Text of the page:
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A Romanian Renaissance

One nun writes a new chapter in the history of iconography

text and photographs by Andreea Câmpeanu

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“Writing an icon is liturgy,” says Sister Eliseea Papacioc, a Romanian Orthodox nun and world-renowned iconographer. “For the liturgy is the intervention of God through man, and in making an icon, one should transmit to people what God wants.”

The thin 42-year-old woman wears a long black skirt and matching sweatshirt. Her dark hair is pulled back in a single, thick braid.

Sister Eliseea lives and works in a simple house in the rural village of Bradetu, nestled in the heavily wooded southern foothills of the Fagaras Mountains (part of the southern Carpathian Mountains) in central Romania, 150 miles northwest of Bucharest.

On this afternoon in August, the sun’s rays shine through a large window, filling the living room and studio. The room is simple but modern. A plush rug covers the floor. Two armchairs are situated in front of a coffee table and television set. On one of them rests a computer. A worktable runs along the opposite wall under the window. An assortment of paint jars, brushes and books clutters the surface.

The nun sits at the table, hunched over a small icon of the Virgin and Child she just sketched in black. With her mouth, she wets the bristles of a small brush, gently twists them into a sharp point and dips it into white paint made from organic materials that she has poured into a plastic bottle cap. The paint, she says, rots quickly when wet but lasts a hundred years in an icon. With a surgeon’s precision, she then runs the paint-soaked bristles along the black lines of her sketch.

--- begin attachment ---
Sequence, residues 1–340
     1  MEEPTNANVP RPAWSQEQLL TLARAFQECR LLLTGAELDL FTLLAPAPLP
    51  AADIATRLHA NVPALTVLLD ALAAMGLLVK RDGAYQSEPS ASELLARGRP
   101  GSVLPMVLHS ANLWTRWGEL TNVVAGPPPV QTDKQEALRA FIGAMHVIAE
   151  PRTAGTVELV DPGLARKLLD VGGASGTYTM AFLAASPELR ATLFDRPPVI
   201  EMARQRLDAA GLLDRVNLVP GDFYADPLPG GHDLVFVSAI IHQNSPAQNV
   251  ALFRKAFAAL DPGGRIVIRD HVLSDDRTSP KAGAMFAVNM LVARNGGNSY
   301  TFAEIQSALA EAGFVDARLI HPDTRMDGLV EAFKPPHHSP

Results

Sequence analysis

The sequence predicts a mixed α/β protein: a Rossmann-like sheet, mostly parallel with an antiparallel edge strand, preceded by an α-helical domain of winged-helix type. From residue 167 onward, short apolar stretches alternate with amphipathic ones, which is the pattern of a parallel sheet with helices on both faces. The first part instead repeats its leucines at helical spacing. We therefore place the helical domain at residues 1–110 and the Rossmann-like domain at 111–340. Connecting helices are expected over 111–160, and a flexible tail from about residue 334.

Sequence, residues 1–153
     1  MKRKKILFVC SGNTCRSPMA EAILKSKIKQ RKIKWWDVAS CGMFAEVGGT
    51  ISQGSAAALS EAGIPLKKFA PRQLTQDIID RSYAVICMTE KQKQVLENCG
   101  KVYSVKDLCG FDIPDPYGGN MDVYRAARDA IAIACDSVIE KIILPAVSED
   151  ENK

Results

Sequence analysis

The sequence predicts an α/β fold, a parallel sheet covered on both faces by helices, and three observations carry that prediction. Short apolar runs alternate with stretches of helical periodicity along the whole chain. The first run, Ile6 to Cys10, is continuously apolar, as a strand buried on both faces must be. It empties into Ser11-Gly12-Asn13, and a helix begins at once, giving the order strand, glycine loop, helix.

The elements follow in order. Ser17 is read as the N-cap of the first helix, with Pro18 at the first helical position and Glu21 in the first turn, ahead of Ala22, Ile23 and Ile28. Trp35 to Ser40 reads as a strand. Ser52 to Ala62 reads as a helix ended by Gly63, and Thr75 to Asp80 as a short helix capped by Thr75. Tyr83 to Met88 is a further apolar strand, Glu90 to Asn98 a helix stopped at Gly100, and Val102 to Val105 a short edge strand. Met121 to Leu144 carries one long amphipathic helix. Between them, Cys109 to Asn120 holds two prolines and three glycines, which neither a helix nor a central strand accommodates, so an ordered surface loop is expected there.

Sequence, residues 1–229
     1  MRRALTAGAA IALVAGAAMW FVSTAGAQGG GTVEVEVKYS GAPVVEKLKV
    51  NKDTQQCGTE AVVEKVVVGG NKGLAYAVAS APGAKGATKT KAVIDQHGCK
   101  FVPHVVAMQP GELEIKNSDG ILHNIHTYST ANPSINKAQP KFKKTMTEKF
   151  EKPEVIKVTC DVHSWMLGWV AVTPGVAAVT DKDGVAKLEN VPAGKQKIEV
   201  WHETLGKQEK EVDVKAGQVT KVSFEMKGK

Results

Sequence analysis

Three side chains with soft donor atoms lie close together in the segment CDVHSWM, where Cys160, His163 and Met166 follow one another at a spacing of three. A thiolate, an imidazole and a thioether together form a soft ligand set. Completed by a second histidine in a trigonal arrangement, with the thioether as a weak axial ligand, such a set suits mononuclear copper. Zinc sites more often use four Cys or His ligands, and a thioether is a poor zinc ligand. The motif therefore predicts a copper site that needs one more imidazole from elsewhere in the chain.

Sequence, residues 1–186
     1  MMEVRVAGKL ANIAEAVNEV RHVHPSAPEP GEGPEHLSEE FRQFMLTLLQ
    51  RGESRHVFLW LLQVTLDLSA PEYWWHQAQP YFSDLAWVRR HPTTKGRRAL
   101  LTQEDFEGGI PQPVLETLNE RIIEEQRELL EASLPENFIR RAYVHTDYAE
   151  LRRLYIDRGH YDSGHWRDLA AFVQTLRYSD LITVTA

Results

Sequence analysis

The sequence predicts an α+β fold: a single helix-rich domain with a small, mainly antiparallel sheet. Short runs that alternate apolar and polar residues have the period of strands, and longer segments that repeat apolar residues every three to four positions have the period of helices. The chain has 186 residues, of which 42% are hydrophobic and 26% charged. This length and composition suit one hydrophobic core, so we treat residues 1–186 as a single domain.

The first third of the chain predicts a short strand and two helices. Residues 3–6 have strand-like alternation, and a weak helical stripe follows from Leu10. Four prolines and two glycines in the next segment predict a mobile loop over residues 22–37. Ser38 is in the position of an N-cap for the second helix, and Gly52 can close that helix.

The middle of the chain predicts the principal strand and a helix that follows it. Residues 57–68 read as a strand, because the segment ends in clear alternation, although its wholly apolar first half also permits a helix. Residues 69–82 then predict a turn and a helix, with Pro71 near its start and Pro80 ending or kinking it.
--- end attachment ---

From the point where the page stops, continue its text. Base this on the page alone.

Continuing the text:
As the sun begins to set, Sister Eliseea takes a break. She stands, walks away and returns a moment later with a recently completed icon, roughly the size of an index card. Sister Eliseea holds it up to a window to illuminate its vibrant colors and fine details. It shimmers in the light, as would a precious jewel.

For months she worked on the piece, yet the soft-spoken nun explains its meaning as if were made not by her but by some other iconographer. The icon, she says, depicts the “Blessing of the Children” from the Gospel of St. Matthew. On the left, Jesus cradles an infant, wrapped in a light blue cloth; his disciples stand behind him while, on the right, a group of mothers and their children have gathered.

Sister Eliseea’s iconography has caught the attention of experts and enthusiasts around the world as much for its exquisite detail as for its unique style. From her studio in Romania, she crafts the icons for parishes and collectors — Catholic, Orthodox and Protestant — from as far away as France and the United States.

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Tags: Sisters Art Icons Romania Romanian Orthodox Church